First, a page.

proxyserver.com:80 and allow requests from localhost only:
Don't use any forward proxy at all, just log what's going on:
px --noproxy=0.0.0.0/0 --debug
Allow requests from
localhost and all locally assigned IP addresses. This
is very useful for Docker for Windows and VMs in a NAT configuration because
all requests originate from the host's IP:
px --proxy=proxyserver.com:80 --hostonly
Allow requests from
localhost, locally assigned IP addresses and the IPs
specified in the allow list outside the host:
px --proxy=proxyserver:80 --hostonly --gateway --allow=172.*.*.*
Allow requests from everywhere. Be careful, every client will use your login:
px --proxy=proxyserver.com:80 --gateway
NOTE: In Docker for Windows you need to set your proxy to
(or actual port Px is listening to) and be aware of https://github.com/docker/for-win/issues/1380.
docker build --build-arg http_proxy=http://<your ip>:3128 --build-arg https_proxy=http://<your ip>:3128 -t containername ../dir/with/Dockerfile
Px doesn't have any GUI and runs completely in the background. It is distributed using Python 3.x and PyInstaller to have a self-contained executable but can also be run using a Python distribution with the following additional packages.
futures on Python 2.x
Px is tested with the latest releases of Python 2.7, 3.5, 3.6 and 3.7 using the Miniconda distribution.
In order to make Px a capable proxy server, it is designed to run in multiple processes. The number of parallel workers or processes is configurable. However, this only works on Python 3.3+ since that's when support was added to share sockets across processes in Windows. On older versions of Python, Px will run multi-threaded but in a single process. The number of threads per process is also configurable.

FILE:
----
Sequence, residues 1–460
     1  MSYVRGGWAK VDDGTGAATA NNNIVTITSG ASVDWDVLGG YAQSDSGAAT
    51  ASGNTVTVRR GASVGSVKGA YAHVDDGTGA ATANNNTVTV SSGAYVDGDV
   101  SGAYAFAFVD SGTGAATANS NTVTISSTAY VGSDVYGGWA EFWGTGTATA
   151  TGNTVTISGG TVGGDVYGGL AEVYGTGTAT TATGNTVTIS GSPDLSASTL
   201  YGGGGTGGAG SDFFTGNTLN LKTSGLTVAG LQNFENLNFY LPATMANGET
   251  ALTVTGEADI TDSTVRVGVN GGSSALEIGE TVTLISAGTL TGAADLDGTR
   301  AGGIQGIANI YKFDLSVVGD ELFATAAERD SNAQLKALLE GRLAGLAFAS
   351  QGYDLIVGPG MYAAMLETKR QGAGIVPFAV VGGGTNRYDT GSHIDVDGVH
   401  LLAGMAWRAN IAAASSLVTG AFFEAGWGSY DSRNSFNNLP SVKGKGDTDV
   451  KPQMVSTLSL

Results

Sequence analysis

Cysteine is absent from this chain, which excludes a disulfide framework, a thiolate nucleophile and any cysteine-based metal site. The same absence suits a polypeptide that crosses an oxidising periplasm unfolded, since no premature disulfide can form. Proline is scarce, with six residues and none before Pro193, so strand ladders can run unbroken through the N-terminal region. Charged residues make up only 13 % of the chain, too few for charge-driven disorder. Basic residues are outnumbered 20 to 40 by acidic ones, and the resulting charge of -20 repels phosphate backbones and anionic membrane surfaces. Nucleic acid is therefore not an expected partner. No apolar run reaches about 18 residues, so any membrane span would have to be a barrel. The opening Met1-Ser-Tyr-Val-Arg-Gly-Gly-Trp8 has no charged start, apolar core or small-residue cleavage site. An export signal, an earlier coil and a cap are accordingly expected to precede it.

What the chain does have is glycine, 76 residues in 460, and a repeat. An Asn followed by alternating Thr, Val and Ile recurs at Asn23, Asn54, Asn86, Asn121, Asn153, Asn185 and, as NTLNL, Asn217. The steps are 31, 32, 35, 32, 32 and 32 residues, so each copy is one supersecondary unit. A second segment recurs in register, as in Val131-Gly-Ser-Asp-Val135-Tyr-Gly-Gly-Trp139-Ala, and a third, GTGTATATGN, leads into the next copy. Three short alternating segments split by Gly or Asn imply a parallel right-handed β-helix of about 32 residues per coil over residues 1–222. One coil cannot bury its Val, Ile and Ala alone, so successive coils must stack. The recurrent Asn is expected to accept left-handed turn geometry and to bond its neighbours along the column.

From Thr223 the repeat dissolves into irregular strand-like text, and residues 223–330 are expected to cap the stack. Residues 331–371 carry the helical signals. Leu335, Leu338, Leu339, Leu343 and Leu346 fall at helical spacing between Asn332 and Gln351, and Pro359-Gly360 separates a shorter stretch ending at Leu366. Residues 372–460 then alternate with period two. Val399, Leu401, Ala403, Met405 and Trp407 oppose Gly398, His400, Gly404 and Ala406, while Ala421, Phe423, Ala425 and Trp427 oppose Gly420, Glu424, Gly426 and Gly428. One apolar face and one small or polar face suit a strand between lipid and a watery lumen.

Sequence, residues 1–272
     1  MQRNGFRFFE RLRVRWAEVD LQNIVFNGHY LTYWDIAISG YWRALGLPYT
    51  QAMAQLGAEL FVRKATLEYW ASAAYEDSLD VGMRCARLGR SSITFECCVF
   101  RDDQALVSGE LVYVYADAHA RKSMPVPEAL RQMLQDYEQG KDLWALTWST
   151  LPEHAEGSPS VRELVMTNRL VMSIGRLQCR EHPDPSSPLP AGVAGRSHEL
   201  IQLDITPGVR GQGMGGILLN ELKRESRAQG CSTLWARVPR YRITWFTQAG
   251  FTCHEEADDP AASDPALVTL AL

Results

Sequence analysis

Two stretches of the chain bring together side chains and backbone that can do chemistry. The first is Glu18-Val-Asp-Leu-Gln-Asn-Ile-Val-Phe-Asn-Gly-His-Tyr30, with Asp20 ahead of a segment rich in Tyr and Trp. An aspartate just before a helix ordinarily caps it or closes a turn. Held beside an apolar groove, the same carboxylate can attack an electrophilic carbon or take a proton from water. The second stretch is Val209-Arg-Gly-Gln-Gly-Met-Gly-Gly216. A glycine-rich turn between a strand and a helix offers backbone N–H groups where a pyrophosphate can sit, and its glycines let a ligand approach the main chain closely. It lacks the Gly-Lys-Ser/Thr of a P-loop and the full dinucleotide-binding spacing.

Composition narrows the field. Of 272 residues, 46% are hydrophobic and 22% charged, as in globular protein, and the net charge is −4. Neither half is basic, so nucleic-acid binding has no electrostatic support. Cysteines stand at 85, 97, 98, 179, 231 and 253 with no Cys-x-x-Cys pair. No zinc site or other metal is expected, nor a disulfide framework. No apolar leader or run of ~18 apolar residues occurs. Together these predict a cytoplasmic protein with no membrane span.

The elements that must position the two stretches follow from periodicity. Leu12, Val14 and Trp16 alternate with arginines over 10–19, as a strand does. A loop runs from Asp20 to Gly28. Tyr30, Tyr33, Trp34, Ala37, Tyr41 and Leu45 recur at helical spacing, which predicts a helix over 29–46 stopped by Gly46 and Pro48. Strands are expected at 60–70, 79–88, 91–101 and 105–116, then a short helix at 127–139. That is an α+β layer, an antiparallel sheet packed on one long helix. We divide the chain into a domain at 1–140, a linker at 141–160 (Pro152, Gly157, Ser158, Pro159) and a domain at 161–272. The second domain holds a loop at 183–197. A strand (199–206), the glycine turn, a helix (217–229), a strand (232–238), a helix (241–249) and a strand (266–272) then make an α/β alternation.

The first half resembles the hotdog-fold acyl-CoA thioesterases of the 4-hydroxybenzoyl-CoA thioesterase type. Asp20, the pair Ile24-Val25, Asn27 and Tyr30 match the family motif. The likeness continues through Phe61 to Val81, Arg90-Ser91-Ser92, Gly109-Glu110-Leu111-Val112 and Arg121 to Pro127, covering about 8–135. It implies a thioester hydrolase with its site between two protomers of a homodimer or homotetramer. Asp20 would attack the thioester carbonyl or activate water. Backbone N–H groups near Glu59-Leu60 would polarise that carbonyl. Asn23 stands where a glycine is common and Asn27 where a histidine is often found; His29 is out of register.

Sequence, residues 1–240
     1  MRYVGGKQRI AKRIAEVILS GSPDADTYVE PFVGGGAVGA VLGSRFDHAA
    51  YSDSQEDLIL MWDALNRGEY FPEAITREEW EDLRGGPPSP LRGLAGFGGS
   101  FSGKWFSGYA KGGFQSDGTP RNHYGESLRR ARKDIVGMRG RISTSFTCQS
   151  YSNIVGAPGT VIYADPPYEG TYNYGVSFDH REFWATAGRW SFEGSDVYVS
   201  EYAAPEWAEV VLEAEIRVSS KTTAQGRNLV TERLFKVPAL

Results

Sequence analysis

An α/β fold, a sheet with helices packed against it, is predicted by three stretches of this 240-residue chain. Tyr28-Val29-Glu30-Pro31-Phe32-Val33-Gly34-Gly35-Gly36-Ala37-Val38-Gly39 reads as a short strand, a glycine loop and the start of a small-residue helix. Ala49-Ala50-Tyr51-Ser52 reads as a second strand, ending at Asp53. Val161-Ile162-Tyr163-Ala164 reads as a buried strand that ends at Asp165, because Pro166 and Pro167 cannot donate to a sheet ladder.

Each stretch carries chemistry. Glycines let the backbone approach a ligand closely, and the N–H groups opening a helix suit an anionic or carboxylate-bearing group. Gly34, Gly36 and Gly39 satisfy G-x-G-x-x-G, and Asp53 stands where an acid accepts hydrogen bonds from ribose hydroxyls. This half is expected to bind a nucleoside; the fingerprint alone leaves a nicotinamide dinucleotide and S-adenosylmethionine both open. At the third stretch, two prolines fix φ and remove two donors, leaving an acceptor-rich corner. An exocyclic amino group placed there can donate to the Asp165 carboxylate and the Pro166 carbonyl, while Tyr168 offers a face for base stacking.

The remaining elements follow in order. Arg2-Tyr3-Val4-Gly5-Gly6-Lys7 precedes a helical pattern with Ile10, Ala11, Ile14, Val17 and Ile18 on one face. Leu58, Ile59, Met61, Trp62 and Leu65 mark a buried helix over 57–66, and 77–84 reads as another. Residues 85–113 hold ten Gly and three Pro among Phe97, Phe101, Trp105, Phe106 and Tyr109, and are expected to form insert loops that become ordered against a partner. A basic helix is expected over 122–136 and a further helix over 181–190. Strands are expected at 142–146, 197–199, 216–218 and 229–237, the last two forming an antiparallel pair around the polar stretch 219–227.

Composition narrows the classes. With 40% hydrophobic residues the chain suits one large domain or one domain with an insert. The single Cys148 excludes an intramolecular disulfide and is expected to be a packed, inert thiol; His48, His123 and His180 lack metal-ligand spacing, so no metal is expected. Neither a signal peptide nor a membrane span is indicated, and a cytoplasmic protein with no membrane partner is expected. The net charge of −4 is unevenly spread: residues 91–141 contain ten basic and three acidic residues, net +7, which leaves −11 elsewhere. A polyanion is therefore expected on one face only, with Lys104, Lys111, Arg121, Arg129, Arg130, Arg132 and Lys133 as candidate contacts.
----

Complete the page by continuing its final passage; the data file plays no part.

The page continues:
To build an executable, run built.bat. You will need PyInstaller and the Microsoft VC++ toolset. PyInstaller will prompt you with a link if not present.
pip install pyinstaller
If it complains about missing libraries, then you may modify build.bat to give it the path to the MS dlls:
pyinstaller --clean --paths "C:\Program Files (x86)\Windows Kits\10\Redist\ucrt\DLLs\x64" --noupx -w -F -i px.ico px.py --hidden-import win32timezone --exclude-module win32ctypes
Substitute the correct path for your system.
Px is definitely a work in progress and any feedback or suggestions are welcome. It is hosted on GitHub with an MIT license so issues, forks and PRs are most appreciated. Also join us on Gitter to chat about Px.
Thank you to all contributors for their PRs and all issue submitters.
Px is based on code from all over the internet and especially acknowledges these sources: